The Absolute Best Chocolate For Homemade Mousse

Chocolate mousse is a quintessentially French dessert. It's a technique that turns rich, thick chocolate into light-as-air foam — which makes sense since "mousse" is French for "foam." The foam is created by gently folding whipped egg whites and cream into melted chocolate. As it cools, all of those bubbles are locked into place.

Chocolate mousse is a simple recipe, but the technique requires some practice. Simply mixing melted chocolate with whipped egg whites and cream won't make a mousse. The only way to combine those polar opposite textures is through folding. In a large bowl, start by sacrificing about a third of the whipped component into the dense chocolate. Mixing this in will start to lighten the chocolate, preparing it for the rest of the foam. Next, add half of the remaining foam, and use a spatula to wipe the bottom of the bowl up through the foam. As you pull through the middle, flip what's on the spatula onto the top of the mixture. Rotate the bowl, and repeat. Resist the urge to stir; just keep folding. As the mixture looks homogeneous, add the second half. Keep folding just until the white streaks are almost gone. That's enough.

Once you can fold, the biggest decision to make for homemade chocolate mousse is the type of chocolate. Even if you know the difference between baking chocolate and chocolate chips, supermarket shelves are loaded with options. One of those must be the best choice for chocolate mousse.

The best homemade mousse is made from dark chocolate

Most recipes for chocolate mousse call for dark chocolate because milk chocolate, and even semi-sweet chocolates, fade into the background of the mousse. They can't overcome their higher sugar content and the eggs and cream. Dark chocolate contains less sugar and a lot more cocoa solids, which can seem bitter when eaten out of hand; but, in a mousse, they're mellowed into the perfect choice.

Dark chocolate has a wide range identified by the percentage on the package, from 50%-90%. That number represents how much of the bar is cocoa solids. The remainder is cocoa butter, sugar, and possibly some dairy. For a mousse, around 70% is the best option. It contains enough concentrated chocolate flavor, but not so much that it turns your mousse bitter.

There are a few more secrets to making the perfect mousse. If raw eggs aren't an option for you, gelatin is another way to create a stable foam. Coffee has a flavor that amplifies chocolate, but adding liquid to mousse can be problematic. So, instant espresso powder is the best option for this flavor upgrade.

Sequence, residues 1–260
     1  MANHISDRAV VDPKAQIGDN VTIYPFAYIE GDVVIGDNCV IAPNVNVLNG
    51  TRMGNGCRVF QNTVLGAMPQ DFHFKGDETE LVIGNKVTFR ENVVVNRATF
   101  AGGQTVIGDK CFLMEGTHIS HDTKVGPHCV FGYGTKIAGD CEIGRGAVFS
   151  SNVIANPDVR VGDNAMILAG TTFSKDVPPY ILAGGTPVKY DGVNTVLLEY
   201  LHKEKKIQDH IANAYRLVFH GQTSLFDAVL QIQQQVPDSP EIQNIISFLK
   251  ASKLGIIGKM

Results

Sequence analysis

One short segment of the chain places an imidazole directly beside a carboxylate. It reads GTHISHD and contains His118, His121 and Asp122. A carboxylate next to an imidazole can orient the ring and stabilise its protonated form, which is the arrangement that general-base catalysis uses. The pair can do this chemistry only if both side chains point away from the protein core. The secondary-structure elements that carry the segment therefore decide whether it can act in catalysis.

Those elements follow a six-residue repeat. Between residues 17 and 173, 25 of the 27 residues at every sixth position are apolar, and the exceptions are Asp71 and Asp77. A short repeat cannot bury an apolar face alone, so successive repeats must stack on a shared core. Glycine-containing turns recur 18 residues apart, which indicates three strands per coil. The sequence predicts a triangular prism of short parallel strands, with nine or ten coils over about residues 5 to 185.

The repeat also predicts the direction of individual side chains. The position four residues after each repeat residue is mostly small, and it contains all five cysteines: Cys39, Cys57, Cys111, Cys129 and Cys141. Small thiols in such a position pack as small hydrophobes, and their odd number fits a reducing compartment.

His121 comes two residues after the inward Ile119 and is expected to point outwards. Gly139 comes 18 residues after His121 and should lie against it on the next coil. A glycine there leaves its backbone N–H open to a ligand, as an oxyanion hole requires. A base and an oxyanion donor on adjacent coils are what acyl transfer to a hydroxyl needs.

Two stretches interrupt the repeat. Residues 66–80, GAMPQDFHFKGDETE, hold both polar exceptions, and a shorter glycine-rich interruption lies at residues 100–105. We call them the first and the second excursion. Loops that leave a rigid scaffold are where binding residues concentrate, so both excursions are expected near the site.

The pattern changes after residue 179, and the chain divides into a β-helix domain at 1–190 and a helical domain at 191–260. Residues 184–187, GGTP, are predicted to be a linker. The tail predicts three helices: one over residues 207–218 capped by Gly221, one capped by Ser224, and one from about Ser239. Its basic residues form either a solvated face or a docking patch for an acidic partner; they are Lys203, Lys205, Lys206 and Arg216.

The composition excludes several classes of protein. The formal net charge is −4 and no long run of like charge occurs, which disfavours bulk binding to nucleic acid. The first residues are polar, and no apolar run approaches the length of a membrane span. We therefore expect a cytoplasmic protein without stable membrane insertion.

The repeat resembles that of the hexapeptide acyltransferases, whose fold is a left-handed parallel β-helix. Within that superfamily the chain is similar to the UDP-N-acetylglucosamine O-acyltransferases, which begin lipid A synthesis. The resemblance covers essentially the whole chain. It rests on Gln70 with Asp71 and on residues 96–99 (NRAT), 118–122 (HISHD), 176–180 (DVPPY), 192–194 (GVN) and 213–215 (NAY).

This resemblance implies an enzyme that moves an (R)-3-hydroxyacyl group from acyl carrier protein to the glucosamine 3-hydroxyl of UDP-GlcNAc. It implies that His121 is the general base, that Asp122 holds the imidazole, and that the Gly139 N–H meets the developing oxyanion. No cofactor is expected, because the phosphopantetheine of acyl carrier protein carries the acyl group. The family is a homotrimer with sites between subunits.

Finally, take your time while making mousse. It can be made the day ahead, so there's no reason to rush. Use a double boiler to carefully melt the chocolate. Chocolate scorches easily. Don't try to rush folding by using an electric mixer. Those aren't gentle enough to preserve the foam, and it's too easy to over-mix.

Unlocking homemade mousse alternatives

If you can make homemade chocolate mousse, you've unlocked a new level of desserts. 

First of all, mousse can be vegan. Aquafaba, the cooking liquid of many beans, lentils, or dried peas, can be whipped just like egg whites. Whipped aquafaba doesn't have much flavor, so it's an ideal foam for vegan chocolate mousse. If cooking some dried chickpeas to create aquafaba seems like a strange first step to take for mousse, just save the liquid from a can of chickpeas.

If mousse just isn't rich enough for you, 70% dark chocolate would be perfect for Food Network's chocolate pots de creme recipe. They use a blender to simplify another traditional chocolate dessert. Usually, pots de creme are dense — and a far cry from mousse — because the egg and cream components aren't whipped. But, in this case, the blender will aerate the mixture, turning it into a sort of ultimate chocolate pudding that doesn't require any baking.

Heston Blumenthal is known for re-imagining recipes by using innovative techniques. In the case of his chocolate mousse, he forgoes the eggs and cream. It's just chocolate, water, and some whisking. "MasterChef World" shows his technique on YouTube. However, his potential mousse blasphemy did cause a bit of outrage on Reddit

However you make chocolate mousse, though, it's an incredible homemade treat.